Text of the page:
4. Consider themselves to be well-informed – Whether they actually are an expert in car maintenance, replacing a roof, or accounting, they’ll think, because they read a few blogs, that they are. So don’t ignore that. Ask them questions about what they want, need, have researched, and are looking for to fish out exactly what they know so you don’t offend them by telling them something they think is brilliant is not. If you do make the mistake of inadvertantly calling something we read online stupid, we won’t call you on it, we’ll just assume you’re an idiot and should spend some more time learning about your trade. Be prepared to answer tough or even outlandish questions.

5. Expect a Guarantee – Let’s be honest here, we internet consumers are a very trusting bunch. WIthout seeing your office, you, or even your product we’ll fork over some money for the item we’re looking for. However, don’t mistake that for stupidity. The BEST internet marketers always offer a guarantee. Some of them are price match guarantees. Some are 30, 60, or 90 day trial guarantees. Some are 110% satisfaction guarantees. The list goes on and on and the type of guarantees they offer are much different than the ones we in the brick-and-mortar world are used to… I’ll write another blog focussing solely on creating a great guarantee to clarify this point further.

6. Have little problem buying something sight unseen – and often prefer it that way. Reference point 1 regarding email negotiations. We’re smart, informed, know where to get the best price, read all the online reviews of your business, and like your guarantee. Why do we need to talk to someone? This is where your website needs to fully understand the mind of the Internet Generation. If you’re selling a service or product that requires an onsite evaluation, inspection, analysis, etc. your website needs to sell that appointment! It should not be trying to sell your product because we can find that product (whether it’s exactly what’s needed for our situation or not) 100 different places online. By you requiring and selling the appointment you’re differentiating yourself from everyone else who says just give us money for this one-size-fits-all item.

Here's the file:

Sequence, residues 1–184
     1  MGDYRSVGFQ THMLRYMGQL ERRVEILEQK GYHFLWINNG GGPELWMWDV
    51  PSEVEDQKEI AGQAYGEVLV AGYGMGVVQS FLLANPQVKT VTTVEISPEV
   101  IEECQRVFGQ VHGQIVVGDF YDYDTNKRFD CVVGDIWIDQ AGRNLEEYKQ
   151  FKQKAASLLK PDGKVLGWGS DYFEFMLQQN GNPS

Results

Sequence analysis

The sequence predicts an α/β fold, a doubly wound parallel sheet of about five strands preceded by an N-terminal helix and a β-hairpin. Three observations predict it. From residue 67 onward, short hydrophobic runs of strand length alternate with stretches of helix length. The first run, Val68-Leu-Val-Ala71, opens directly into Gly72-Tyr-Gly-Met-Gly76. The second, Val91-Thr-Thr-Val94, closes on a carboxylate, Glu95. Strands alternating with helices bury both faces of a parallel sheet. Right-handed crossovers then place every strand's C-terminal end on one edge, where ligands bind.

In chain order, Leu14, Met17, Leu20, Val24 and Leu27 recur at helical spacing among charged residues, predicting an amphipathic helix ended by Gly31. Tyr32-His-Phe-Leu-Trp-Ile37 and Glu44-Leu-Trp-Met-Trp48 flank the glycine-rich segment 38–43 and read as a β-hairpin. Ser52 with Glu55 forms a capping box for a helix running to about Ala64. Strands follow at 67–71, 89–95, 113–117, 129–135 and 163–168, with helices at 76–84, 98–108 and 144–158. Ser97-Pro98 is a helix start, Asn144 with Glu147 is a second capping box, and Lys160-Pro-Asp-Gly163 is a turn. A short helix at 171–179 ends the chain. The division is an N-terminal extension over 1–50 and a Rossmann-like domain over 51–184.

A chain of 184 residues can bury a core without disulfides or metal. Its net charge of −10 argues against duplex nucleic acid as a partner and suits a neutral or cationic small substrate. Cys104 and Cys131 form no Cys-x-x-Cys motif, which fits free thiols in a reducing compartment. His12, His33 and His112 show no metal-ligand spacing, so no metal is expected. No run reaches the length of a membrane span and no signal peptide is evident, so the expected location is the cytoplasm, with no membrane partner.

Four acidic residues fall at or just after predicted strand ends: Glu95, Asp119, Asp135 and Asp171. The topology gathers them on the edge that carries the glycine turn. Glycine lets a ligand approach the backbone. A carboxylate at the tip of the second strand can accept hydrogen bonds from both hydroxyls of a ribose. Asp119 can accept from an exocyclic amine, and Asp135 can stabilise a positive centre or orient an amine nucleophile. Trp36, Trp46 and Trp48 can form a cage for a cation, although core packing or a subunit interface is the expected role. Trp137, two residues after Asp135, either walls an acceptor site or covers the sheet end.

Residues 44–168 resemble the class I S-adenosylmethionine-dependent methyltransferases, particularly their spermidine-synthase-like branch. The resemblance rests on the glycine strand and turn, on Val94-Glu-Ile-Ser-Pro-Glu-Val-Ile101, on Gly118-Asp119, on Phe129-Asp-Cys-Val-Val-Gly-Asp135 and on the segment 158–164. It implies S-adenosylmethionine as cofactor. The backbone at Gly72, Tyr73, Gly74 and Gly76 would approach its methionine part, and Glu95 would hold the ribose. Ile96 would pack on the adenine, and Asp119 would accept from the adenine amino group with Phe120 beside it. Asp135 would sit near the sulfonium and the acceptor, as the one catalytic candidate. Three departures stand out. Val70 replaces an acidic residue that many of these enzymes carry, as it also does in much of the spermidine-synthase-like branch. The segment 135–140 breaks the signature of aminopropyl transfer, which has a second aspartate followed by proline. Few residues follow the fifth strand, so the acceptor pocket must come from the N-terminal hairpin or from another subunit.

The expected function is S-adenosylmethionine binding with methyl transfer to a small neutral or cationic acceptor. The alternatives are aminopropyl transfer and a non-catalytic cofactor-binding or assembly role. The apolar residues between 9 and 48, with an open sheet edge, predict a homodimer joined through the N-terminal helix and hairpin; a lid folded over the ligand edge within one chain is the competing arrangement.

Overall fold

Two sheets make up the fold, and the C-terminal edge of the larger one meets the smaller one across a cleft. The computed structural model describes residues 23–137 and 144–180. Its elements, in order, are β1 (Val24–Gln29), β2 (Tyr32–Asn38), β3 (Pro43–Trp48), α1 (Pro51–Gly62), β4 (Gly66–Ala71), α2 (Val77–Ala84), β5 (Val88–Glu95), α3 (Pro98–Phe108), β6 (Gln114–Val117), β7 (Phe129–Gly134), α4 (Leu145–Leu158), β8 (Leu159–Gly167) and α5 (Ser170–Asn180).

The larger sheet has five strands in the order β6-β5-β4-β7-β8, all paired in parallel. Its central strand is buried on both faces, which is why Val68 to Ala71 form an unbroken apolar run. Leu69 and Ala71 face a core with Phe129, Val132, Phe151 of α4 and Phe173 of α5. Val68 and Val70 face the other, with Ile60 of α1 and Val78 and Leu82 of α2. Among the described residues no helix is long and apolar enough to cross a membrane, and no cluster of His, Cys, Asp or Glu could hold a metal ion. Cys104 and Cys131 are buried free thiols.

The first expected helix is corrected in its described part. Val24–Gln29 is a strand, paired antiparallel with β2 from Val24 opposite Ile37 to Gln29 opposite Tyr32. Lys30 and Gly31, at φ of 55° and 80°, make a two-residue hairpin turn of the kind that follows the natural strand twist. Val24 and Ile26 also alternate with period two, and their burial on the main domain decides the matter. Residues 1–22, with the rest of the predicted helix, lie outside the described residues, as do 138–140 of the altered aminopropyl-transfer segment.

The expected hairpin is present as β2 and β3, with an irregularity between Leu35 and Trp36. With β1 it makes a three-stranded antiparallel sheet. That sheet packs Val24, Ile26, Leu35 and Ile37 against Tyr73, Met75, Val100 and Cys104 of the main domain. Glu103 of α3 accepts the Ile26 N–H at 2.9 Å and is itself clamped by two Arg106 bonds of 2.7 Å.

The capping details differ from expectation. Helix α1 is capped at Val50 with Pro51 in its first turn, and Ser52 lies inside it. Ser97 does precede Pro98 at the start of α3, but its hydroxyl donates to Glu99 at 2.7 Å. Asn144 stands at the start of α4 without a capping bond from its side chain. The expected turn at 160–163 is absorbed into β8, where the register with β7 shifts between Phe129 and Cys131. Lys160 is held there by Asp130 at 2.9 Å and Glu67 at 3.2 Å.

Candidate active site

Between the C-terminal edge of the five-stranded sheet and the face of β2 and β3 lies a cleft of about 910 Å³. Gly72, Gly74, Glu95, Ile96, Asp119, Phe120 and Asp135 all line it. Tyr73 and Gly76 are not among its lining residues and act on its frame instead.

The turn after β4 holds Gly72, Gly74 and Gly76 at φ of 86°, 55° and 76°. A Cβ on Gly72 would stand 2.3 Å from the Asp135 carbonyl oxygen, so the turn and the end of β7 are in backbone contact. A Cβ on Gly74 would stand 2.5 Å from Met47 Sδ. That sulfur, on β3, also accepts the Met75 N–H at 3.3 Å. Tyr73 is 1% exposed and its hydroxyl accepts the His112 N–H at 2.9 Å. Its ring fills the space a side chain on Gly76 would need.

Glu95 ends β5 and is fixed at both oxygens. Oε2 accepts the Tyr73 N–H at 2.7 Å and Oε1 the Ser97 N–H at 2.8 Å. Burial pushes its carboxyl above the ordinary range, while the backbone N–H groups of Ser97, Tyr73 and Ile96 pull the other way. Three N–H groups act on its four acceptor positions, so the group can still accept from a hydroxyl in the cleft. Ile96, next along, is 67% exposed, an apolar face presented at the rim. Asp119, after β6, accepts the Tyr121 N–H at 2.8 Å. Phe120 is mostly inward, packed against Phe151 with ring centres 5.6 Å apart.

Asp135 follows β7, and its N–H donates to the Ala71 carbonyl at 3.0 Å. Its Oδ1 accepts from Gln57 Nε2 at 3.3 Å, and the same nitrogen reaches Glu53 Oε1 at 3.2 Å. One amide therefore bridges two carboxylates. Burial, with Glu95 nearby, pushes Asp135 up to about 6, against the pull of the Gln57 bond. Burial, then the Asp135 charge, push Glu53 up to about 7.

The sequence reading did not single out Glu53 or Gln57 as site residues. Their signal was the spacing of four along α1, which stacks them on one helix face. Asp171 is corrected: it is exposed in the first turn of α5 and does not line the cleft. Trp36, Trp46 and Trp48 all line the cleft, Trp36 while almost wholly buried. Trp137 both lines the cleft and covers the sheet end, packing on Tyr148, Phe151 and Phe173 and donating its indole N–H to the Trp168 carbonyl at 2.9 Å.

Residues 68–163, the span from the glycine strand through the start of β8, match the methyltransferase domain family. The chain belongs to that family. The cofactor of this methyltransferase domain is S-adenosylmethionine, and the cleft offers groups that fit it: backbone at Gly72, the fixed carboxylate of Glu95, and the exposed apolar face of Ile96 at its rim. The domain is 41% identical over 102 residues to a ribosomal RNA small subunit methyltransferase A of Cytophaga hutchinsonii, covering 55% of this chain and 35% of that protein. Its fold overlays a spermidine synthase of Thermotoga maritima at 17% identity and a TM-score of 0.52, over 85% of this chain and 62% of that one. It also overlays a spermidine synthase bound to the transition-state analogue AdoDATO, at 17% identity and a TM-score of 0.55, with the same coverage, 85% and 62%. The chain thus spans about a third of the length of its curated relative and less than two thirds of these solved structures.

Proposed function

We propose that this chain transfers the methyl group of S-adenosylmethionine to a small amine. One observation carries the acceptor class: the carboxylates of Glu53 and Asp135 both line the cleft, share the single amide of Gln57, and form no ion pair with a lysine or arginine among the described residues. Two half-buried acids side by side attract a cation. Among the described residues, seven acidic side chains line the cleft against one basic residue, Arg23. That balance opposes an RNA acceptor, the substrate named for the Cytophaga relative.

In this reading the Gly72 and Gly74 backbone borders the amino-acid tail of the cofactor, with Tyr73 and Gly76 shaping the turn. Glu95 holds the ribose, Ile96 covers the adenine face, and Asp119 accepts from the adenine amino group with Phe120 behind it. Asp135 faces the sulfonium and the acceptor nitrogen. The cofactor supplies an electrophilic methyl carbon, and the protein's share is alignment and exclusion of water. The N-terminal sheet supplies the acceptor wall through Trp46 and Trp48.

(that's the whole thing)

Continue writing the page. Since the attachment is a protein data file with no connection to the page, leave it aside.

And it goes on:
7. Require Testimonials – We will NOT buy something online without reading and reviewing several testimonials or objective reviews of your business and your product. We’ve been sold by radio, TV, internet, billboards, direct mail, telemarketers and who knows what else our whole lives. We don’t buy that “Trust us we have a great product” crap. Unless several credible sources post positive reviews about a product or service we’re moving on to the next thing. Check out Amazon.com, Cars.com, Cnet.com, Newegg.com, Ebay.com etc. etc. etc. All major online retailers offer customers the ability to review products they’ve purchased to help prospective customers make the best decision. We’ve been trained to only buy things with great reviews so if your website doesn’t have any objective reviews or testimonials then forget it.

In summary, we are not the same type of consumer most businesses are accustomed to. Our requirements are different and expectations are higher. You (and your website) can decide to ignore our nuances… Or you can address them before your competitors and open up your business to a huge, constantly-growing market.

To your success, Bryan